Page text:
The barn was where the cows were milked and where the horses were kept when they were not working. Horses on the Rastovich farm were not for riding, rather they pulled the plows and potato planters until the family got its first tractor, purchased by Bob Rastovich in 1946.
The first horse George Rastovich purchased for riding was at the request of Bob Rastovich. Every morning after milking, the boys would let the cows onto the open range to graze. In the evening, it was the boys' responsibility to round up the cows and bring them in. They had to do it on foot, and sometimes they couldn't find all of the cows and would return after dark. Bob asked George if they could get a horse to ride out to look for the cows.
George traded Pete Klobas a cow for an unbroken colt named Teddy. Someone told George to saddle up the horse and set sandbags atop the saddle to let Teddy get used to the weight on his back. This didn't work, so George decided to get on Teddy himself. Now, George had never ridden a horse before, and according to Helen, "he had himself a one-man rodeo." All the kids stood on the porch watching and screamed when the horse reared up and George fell off near the cistern.
Bob managed to eventually break Teddy and he and Mike took turns riding him around the farm. Bob would take Teddy out into the high desert to scrounge around garbage dumps for anything that could be salvaged or recycled into something useful - today, that practice is known as "upcycling."
Teddy would often put his ears down and chase anything that got in his way, most often the girls, chickens, calves, and Danny. One day, Danny had decided he'd had enough of rounding up the cows on foot. He was going to ride Teddy. First, he carefully closed all the gates in the corral so Teddy couldn't run off. Shaking like a leaf, he put a bridle on Teddy and led him to the barn. He cautiously saddled the horse and mounted him without incident. From that moment, Danny and Teddy got along just fine. While Teddy continued to chase Marie, Martha, and Helen, he never again chased Danny.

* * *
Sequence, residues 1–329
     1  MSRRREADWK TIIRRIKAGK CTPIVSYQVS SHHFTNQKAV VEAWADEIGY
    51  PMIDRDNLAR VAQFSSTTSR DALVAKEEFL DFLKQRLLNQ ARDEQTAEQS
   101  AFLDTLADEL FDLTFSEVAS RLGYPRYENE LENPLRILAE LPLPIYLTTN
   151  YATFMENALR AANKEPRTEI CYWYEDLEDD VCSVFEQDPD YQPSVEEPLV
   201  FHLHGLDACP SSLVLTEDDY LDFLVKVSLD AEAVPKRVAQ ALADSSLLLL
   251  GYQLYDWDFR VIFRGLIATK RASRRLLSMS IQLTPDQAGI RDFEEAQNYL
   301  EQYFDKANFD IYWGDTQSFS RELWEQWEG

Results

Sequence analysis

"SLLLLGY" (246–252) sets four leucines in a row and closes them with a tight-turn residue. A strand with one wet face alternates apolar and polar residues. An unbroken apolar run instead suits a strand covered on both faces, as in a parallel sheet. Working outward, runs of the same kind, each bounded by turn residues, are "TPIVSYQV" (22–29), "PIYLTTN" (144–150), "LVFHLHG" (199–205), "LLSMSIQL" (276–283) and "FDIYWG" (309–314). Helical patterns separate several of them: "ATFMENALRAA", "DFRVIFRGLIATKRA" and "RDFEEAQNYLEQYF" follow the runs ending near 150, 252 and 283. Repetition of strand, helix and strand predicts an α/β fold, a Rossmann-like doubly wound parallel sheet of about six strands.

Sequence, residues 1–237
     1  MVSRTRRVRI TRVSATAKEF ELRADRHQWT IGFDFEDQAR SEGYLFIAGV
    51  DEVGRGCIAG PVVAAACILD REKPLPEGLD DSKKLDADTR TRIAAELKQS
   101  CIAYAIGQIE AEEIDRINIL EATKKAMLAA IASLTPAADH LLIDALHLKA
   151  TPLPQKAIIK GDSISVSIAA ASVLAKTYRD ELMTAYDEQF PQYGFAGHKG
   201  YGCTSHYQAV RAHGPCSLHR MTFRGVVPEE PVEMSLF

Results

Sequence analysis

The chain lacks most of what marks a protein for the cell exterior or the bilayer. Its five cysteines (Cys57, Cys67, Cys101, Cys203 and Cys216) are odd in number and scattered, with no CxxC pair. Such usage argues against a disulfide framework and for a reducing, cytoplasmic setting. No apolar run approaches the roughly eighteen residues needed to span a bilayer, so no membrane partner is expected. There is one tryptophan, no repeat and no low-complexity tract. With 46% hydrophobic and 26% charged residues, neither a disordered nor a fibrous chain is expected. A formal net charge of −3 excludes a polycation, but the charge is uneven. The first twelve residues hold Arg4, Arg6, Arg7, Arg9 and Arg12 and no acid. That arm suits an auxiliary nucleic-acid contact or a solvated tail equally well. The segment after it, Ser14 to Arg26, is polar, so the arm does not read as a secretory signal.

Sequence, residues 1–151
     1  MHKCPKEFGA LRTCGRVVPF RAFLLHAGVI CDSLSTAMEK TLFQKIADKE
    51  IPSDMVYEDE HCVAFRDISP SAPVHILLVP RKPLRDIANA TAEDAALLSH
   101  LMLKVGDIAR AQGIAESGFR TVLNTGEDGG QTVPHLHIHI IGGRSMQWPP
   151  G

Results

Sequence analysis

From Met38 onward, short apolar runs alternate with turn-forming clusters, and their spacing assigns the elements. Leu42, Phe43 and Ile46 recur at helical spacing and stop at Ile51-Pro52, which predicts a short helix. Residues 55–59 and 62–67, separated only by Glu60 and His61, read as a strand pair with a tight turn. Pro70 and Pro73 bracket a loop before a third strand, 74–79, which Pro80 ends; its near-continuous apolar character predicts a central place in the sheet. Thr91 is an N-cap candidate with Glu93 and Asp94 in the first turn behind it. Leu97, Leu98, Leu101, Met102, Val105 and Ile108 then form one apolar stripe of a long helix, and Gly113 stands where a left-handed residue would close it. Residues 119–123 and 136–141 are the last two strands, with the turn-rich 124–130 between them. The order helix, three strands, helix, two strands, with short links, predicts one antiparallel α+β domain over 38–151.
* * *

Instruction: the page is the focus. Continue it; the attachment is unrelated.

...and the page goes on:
The barn also served as one of the hiding places for beer and wine during prohibition. Prohibition was a nationwide constitutional ban on the production, importation, transportation, and sale of alcoholic beverages from 1920 - 1933. This made bootlegging a lucrative side job for George Rastovich, who was already skilled in making his own beer and wine. Men from town would come and push bills into a glass jar and beg George for a drink. The Rastovich Farm became the place for Yugoslav bachelors to hang out when not working at the mill.
As word spread, the sheriff came out to investigate, probing the ground with iron rods. The children were terrified. George hid his wine and beer all over his property - under the willow trees behind the outhouse, under a haystack near the chicken house, in the south field, and under the barn. Behind the barn, on the south side, you can still see a hole made from lava rocks. There used to be a lean-to on this part of the barn, and floorboards hid the hole.
The first time George's wine was found, the sheriff dumped it all onto the ground. The expense of the grapes and all the months of his work sunk into the desert dust. After the sheriff left, the cows and pigs drank the wine and ran around making funny noises for the rest of the day.
George only went to jail twice, and only for a couple of days each time. After the last time George got arrested, Anna insisted he destroy the still and stop his bootlegging. He smashed the still and buried it on the hill where Rob Rastovich, George's grandson, lives today. Years later, Danny found it and it remains on the property to this day.
If you look inside the barn, you can still see all the horse tack hanging up.
Scroll through the images of the barn, and you will see a windmill on top of the barn. Bob built that windmill and mounted it to the top of the barn. The windmill was connected to the generator of a car, which was connected to a radio. When the wind blew, the radio would play. The lights on top of the barn are headlights from an old Model T.
Scroll through the images below to see the barn throughout the last 100 years or click “next” under the main image of this page and head toward the potato planter at the corner of the pasture fence for the next stop on the tour.